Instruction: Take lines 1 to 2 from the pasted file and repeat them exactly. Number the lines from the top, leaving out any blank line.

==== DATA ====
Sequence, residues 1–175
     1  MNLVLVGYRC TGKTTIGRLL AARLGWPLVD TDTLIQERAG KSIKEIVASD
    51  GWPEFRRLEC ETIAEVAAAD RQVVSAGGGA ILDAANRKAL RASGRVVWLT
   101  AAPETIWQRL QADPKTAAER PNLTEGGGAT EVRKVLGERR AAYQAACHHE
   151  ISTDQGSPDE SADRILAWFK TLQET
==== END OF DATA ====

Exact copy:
Sequence, residues 1–175
     1  MNLVLVGYRC TGKTTIGRLL AARLGWPLVD TDTLIQERAG KSIKEIVASD